On Working with Great Staff and a Day Off

I work for a great church. I know, I've only actually worked there for 5 days now, but it's a great staff. Really, I feel very blessed to be here. These are people you want to work with. Tonight we had some real challenges, technically speaking. We lost control of the lights for most of the services (despite a lot of on-the-fly troubleshooting during and between services), and they just sort of did their own thing. Changing colors, turning on and off, all at random intervals. There was a lot of talk on the Clear-Com, but it was all handled well. The good news is I now have my first project to work on this week.

Which brings me to my next topic, my day off. Today is Sunday. I was off yesterday and I'll be off tomorrow. Though this is my first week here, I can tell you it's the greatest gift I've ever been given as a church techie. Knowing that I don't have to go to work tomorrow after a long and somewhat stressful day is just amazing.

If you're reading this blog, you probably go all-out every weekend for your services. Doing that takes a lot out of you. Even when you enjoy it, it's draining. I love doing services, I love the technology, the people and seeing God move. But I also really like to have time off to recharge. Tomorrow I get that. Tuesday when I go in, I'll be fired up and ready to go. I'll get more work done in 4 days than I ever did in 5. All churches should consider this, especially for their production staff. Seriously.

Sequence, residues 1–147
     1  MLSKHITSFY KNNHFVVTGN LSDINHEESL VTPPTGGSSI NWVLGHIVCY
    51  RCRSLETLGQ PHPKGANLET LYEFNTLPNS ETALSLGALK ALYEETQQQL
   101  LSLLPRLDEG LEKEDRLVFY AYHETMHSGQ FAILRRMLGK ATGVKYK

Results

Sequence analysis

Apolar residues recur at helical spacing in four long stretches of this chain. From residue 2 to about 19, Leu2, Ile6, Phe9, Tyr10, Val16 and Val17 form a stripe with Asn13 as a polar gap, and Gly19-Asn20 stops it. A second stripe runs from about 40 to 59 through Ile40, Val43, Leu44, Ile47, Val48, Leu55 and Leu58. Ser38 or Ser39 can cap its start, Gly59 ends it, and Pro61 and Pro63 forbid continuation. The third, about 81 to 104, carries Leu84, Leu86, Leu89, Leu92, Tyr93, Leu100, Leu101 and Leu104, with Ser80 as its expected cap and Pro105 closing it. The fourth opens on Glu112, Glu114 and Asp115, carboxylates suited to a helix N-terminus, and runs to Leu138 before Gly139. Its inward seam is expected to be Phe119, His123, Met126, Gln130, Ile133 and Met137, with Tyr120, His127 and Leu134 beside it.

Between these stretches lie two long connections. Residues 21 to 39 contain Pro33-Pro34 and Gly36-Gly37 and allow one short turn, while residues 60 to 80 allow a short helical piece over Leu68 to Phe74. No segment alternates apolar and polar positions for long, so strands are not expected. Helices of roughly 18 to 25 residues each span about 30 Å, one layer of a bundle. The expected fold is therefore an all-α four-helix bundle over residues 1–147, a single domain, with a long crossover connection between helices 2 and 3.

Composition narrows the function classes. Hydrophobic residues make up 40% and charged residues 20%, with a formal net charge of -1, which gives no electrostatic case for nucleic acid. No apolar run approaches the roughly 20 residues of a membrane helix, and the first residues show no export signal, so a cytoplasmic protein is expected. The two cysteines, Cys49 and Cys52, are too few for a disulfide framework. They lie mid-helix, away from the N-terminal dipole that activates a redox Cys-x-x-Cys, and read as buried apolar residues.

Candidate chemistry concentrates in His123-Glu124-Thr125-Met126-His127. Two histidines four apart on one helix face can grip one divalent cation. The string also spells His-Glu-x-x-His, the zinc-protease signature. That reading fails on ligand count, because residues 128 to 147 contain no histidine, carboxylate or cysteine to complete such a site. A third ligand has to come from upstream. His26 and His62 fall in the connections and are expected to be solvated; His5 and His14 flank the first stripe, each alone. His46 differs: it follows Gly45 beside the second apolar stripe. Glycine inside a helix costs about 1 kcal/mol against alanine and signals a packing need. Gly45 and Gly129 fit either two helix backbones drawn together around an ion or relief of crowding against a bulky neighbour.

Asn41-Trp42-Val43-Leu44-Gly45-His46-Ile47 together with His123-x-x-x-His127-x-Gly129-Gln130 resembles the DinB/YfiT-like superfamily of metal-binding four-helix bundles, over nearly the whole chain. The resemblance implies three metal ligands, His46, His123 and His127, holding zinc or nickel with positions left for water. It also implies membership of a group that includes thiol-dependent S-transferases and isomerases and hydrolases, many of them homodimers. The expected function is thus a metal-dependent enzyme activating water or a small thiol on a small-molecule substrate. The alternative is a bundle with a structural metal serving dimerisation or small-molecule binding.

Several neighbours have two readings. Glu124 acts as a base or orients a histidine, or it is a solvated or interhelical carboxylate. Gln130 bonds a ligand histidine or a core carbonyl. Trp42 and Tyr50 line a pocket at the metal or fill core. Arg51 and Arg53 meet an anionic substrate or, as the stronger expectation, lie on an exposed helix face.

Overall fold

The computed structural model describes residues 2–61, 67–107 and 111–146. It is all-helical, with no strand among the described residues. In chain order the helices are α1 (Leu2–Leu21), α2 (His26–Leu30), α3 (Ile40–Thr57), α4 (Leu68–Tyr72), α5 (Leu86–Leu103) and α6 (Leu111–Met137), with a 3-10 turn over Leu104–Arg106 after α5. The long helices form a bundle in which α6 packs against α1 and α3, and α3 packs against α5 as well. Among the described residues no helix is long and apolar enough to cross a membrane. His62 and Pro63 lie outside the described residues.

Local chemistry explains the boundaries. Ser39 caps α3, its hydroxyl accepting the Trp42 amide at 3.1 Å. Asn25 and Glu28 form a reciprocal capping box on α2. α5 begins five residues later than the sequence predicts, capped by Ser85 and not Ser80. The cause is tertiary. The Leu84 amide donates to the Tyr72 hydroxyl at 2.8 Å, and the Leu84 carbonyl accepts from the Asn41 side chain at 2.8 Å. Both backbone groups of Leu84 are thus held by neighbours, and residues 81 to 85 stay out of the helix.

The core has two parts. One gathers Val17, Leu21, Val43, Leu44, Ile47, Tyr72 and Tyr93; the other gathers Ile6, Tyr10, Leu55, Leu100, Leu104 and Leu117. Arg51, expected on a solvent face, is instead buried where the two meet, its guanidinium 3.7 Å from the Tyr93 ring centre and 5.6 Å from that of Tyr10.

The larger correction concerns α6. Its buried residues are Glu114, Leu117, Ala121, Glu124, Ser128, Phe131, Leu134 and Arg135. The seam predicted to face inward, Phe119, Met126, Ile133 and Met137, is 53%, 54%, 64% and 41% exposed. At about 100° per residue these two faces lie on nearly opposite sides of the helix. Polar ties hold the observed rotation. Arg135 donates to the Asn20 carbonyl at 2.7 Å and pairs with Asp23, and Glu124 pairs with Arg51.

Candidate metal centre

It became a reality this week that the technical infrastructure of our church building is a disaster. I'm trying to be kind, but it's really a mess. Video, lighting and even sound is just messed up. I look at it and think, "This is not how we do things!" So I have a long road ahead of me to sort it all out. But that's what I do, and it's why I was hired. The good news is, the leadership is behind me (well they say they are, we'll verify that in a few months!). Thankfully, our volunteers are troopers and will help me drive the bus to the land of improvement.

I've said it before, if you want your volunteers to do a job well, give them the tools they need to do it. Get the details right and make sure someone has thought through the whole system and come up with a unified plan. Make it right, and the team will amaze you. I have a lot more to say, but it's late and I need some rest. I'll be chronicling my quest for a unified, holistic media/technology strategy here over the next few months. Stay tuned!